ARM is announcing the new mid-range A17 core today, expect this successor to the A12 to surface about a year from now. For those more into graphics the A17 has a new companion the Mali-DP500 display controller.
As is typical with ARM core name reveals there were almost no specs given out other than a few gross details. If you recall the A12 launch, the A17 is more of the same so expect more and more information to trickle out until it launches in about 12 months. This core is a 32-bit CPU with a claimed 60% performance boost vs the A9 with a lot more energy efficiency sprinkled on. ARM claimed the A12 would be 40% faster than the A9 and more efficient too so expect the A17 to be a little faster and a little more energy-efficient than A12.
What is more interesting is that the A17 is just one of the successors to the A12, the other being this part. By keeping the A17 as a 32-bit part, ARM is playing the area and cost game. A17 was likely just a rev of the A12 core as seen but Rockchip’s materials, their catalog still says A17 for what ARM calls A12. This isn’t a definitive argument but it sure looks like a match from here.
If this isn’t the case it would mean ARM would have overlapping 32-bit and 64-bit core lines attacking the same markets, a level of engineering outlay that makes no sense just to cannibalize yourself. If A17 is just A12.1 then everything all makes sense, the mid-range market ARM is targeting with this core is both massive and cutthroat on pricing so 32-bit parts make sense for the time being. OEMs will kill to save a cent or a fraction of a mm^2 die area so optimizing the A12 on a regular basis is a smart move.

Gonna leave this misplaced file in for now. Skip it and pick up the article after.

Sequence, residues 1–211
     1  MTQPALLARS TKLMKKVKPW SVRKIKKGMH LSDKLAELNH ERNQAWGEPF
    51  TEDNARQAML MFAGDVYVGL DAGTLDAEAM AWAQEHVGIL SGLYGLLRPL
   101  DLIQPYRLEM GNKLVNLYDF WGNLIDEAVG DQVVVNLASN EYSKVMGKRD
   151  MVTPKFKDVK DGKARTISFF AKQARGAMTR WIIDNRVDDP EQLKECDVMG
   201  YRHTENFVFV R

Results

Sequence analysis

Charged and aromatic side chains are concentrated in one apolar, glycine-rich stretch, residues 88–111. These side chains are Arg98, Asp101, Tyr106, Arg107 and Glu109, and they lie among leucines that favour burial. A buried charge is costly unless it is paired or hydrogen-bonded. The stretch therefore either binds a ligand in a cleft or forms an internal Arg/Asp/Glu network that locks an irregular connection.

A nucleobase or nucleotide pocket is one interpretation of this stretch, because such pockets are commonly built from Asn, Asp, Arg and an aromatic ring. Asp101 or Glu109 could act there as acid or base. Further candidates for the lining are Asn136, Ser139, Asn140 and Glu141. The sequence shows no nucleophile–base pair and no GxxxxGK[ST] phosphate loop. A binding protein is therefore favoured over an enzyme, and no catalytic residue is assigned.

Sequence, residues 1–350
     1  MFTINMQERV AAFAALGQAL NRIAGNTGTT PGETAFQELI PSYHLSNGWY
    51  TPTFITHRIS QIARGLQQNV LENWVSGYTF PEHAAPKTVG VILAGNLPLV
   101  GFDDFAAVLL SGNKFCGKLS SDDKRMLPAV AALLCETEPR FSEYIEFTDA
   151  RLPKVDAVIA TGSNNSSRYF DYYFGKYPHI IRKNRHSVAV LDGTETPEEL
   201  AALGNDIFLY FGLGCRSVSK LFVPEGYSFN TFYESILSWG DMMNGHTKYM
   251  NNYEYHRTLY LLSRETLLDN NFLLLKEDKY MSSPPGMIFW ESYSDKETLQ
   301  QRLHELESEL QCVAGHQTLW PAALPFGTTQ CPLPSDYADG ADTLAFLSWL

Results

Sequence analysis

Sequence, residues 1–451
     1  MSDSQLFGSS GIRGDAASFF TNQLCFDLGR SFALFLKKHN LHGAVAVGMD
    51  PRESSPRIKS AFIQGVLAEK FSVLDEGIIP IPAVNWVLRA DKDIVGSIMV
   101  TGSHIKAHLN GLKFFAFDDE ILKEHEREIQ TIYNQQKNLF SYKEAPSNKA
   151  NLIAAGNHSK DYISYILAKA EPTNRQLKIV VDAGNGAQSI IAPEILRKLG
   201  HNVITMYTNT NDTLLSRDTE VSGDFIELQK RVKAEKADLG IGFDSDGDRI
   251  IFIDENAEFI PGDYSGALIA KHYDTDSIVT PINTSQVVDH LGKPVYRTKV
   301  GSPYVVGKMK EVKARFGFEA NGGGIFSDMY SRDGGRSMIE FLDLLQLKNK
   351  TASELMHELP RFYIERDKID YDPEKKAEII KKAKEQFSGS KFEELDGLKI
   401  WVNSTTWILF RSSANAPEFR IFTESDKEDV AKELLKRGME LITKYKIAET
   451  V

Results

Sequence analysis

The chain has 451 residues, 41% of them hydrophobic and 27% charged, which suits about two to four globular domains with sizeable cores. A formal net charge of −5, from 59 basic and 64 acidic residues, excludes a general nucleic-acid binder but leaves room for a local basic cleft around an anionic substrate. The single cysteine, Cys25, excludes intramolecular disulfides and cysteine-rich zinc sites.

Where have we seen this before?
Rebranding it to A17 however is a tad more questionable in our opinion. We should know enough about the core before the year is out to say for sure which way it ended up, but ARM used the exact same diagram above for A17 that they did for the A12 launch.
The new companion to the A17 is called the Mali-DP500 DPU or Display Processing Unit, yay new acronyms. ARM describes this one as “Processing pixels to the screen. Securing content up to the glass.” so you know it has DRM top to bottom. Yay again? Both of these are accompanied by a slew of PoP IP from TSMC, Samsung, Globalfoundries, UMC, and SMIC, all on 28nm.
In short what the A17 and Mali-DP500 announcement does is flesh out the mid-range ARM core lineup for 2015. If you include the Mali-T720 GPU and the V500 video processor, one can build a nearly complete tablet or smart TV with the offerings from Cambridge. Add in a little 3rd party IP and a few offerings in Wiltshire for debugging support and you are off to the races. Any easier and the cores will have to pay royalties to Lego.S|A
Have you signed up for our newsletter yet?
Did you know that you can access all our past subscription-only articles with a simple Student Membership for 100 USD per year? If you want in-depth analysis and exclusive exclusives, we don’t make the news, we just report it so there is no guarantee when exclusives are added to the Professional level but that’s where you’ll find the deep dive analysis.
Latest posts by Charlie Demerjian (see all)
- How many PCIe5 lanes does Sapphire Rapids have? - Mar 20, 2020
- What does Intel’s server platform cancellation mean? - Mar 16, 2020
- A few more bits on Intel’s server cancellation - Mar 16, 2020
- Intel kills off a server program - Mar 14, 2020
- When is Samsung’s 2nd gen zNAND due? - Mar 10, 2020